Every year around this time, aspiring wrestlers from all over the world begin preparation for one of the most unique opportunities available to them: The Harley Race/Pro-Wrestling NOAH Camp.

Harley Race watches intently from ringside during the 2006 Harley Race/Pro-Wrestling NOAH Camp. Photo courtesy HarleyRace.com

The camp, being held September 15-19, in Eldon, Missouri, will give entrants the chance to hone skills and get advice from one of the all-time greats in the wrestling business, Harley Race. As an added bonus, also in attendance will be representatives from the WWE and NOAH. This year’s WWE representative, as reported on the camp’s website, is Ricky “The Dragon” Steamboat. Pro-Wrestling NOAH has already confirmed that they will be represented by GHC Heavyweight Champion Takeshi Morishima (who had a WWE dark match on Monday) and Naomichi Marufuji, as well as Ken Hirayama and owner Ryu Nakata.

The website encourages serious-minded wrestlers to attend the camp. “Finding success in professional wrestling requires a strong work ethic, talent, dedication, and, perhaps most importantly, being in the right place at the right time,” the website reads. “The annual Harley Race/Pro-Wrestling NOAH camp has proven itself to be the right place for the professional wrestler looking to take the biggest step in his career.”

Robert Anthony, Keith Walker and referee John Cone are held up as examples of men who signed developmental contracts with the WWE following their participation in the camp. Previous camps have been attended by Ted DiBiase Jr., who is now a Raw tag champ with Cody Rhodes, and Joe Hennig, Curt Hennig’s son, who is also in developmental. Trevor Murdoch, a graduate of Race’s school, is also said to be planning a visit to this year’s camp.

Participants can expect a rigorous five days. “It consists of cardiovascular conditioning, in-ring drills, and matches, as well as instruction on match structure, psychology, character development and marketing, microphone skills, and the many other necessary skills needed to become a star in professional wrestling,” the website instructs.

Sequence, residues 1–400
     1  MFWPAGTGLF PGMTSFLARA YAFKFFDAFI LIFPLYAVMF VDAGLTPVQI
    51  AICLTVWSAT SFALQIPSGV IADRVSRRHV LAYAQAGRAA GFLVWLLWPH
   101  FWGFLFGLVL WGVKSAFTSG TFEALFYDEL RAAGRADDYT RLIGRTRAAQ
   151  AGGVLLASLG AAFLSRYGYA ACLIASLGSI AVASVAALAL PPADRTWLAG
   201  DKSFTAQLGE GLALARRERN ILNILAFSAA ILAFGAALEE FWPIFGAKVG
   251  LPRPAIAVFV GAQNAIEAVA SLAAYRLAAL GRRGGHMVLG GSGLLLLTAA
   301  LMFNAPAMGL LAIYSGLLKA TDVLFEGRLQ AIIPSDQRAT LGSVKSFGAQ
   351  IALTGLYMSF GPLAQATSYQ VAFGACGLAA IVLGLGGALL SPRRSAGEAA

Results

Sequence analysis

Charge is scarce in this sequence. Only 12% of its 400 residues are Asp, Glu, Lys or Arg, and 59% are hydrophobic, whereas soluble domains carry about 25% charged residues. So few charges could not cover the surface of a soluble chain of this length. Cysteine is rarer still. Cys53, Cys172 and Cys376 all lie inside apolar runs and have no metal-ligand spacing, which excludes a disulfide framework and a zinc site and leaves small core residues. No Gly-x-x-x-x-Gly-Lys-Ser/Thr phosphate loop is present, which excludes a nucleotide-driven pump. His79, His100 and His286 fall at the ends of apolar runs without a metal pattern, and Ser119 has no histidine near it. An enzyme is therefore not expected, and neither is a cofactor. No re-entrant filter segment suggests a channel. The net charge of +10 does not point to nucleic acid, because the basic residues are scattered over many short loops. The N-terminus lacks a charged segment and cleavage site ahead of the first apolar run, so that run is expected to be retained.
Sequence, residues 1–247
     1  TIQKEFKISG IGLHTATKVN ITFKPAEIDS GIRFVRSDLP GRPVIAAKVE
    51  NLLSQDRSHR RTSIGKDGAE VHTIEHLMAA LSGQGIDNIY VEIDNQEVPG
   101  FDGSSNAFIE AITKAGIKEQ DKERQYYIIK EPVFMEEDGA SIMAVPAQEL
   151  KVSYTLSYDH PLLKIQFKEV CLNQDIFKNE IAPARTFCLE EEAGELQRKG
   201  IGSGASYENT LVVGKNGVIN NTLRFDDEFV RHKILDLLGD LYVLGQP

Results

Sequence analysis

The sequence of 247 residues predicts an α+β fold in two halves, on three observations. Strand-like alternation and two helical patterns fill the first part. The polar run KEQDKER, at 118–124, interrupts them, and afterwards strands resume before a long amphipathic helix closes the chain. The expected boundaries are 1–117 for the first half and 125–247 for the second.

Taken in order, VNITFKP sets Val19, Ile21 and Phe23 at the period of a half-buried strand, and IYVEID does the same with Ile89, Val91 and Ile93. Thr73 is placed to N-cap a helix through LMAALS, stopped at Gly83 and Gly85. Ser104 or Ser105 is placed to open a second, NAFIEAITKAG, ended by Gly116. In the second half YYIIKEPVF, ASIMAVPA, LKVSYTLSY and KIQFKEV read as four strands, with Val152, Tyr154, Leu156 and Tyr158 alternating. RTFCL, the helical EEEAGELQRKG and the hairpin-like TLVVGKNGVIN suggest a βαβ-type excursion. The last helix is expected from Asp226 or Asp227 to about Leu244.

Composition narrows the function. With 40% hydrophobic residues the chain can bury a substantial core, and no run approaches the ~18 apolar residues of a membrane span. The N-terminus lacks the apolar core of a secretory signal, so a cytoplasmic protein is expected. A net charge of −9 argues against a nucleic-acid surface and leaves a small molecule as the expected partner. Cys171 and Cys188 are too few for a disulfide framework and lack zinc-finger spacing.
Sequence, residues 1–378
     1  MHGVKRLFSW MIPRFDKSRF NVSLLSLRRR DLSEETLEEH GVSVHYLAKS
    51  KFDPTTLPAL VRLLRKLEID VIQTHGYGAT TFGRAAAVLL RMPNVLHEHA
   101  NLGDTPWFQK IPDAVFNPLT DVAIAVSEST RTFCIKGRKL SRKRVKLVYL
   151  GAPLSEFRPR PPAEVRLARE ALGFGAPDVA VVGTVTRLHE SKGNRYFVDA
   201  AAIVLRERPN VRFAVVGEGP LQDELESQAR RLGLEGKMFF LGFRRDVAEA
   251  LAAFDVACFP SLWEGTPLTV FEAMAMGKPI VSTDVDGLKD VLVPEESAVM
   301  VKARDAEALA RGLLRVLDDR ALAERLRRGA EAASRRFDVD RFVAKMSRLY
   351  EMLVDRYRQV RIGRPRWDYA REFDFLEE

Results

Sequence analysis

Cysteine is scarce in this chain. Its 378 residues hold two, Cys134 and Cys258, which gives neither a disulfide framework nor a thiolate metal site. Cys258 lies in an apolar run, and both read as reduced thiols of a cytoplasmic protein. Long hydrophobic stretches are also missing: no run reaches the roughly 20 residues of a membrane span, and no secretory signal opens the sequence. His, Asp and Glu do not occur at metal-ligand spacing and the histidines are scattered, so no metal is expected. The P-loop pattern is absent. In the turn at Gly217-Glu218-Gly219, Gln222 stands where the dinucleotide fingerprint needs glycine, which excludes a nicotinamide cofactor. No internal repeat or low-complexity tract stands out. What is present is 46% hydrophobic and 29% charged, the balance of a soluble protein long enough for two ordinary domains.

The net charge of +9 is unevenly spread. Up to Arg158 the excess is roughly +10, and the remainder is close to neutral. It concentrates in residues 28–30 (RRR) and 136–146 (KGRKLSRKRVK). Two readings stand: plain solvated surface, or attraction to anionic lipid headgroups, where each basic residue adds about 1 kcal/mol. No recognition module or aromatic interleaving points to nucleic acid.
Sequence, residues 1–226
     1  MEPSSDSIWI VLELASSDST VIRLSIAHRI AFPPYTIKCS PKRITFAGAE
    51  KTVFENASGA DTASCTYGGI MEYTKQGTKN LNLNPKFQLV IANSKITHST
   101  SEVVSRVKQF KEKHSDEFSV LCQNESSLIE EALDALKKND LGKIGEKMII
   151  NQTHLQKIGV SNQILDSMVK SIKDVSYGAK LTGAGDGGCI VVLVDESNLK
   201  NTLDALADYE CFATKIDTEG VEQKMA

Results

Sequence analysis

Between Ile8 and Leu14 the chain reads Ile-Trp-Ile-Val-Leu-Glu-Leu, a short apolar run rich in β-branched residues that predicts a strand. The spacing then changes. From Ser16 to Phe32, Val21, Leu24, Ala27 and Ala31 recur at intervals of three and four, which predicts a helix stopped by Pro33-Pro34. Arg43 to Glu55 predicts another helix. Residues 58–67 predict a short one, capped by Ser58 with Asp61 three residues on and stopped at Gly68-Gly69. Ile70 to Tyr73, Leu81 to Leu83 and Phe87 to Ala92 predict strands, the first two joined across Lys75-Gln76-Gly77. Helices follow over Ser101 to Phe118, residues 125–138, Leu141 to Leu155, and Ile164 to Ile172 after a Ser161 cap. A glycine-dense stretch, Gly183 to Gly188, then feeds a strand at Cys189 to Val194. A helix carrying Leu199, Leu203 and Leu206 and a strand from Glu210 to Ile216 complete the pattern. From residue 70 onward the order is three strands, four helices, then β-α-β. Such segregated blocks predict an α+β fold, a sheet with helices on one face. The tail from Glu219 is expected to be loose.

Which sounds all fine and good to Kyle O’Reilly, one of several Canadian wrestlers planning to attend this year’s camp. “I’m looking forward to it and am hoping it will be a good experience,” O’Reilly said, noting that he has been preparing for the camp for some time. “I just hope that I learn a lot from everybody in attendance. I’m taking my training very seriously in order to prepare for the camp; I’ve heard that NOAH is very demanding in their workouts.”

Gurv Sihra can tell O’Reilly that the camp is demanding. Sihra attended last year’s camp. “I had such a great time learning from not only trainers from NOAH, but from Mike Rotunda, and of course Mr. Harley Race, that I really wanted to head back down there this year again,” Sihra said. “There was such a great group of talent from all over the world that you learn from everyone, and it’s a great way of networking with the other workers.”

Sihra was quick to add: “I want to be the best and in order to become the best, you have to train with the best.”

The 2007 Harley Race/Pro-Wrestling NOAH Camp. Photo courtesy HarleyRace.com. Click here for a larger version

It’s a compliment that the camp’s founder, Harley Race, appreciates. “There’s no way in the world I would say that isn’t flattering,” said the wrestling legend. “But my objective isn’t to be flattered, it’s to funnel young kids into pro wrestling.”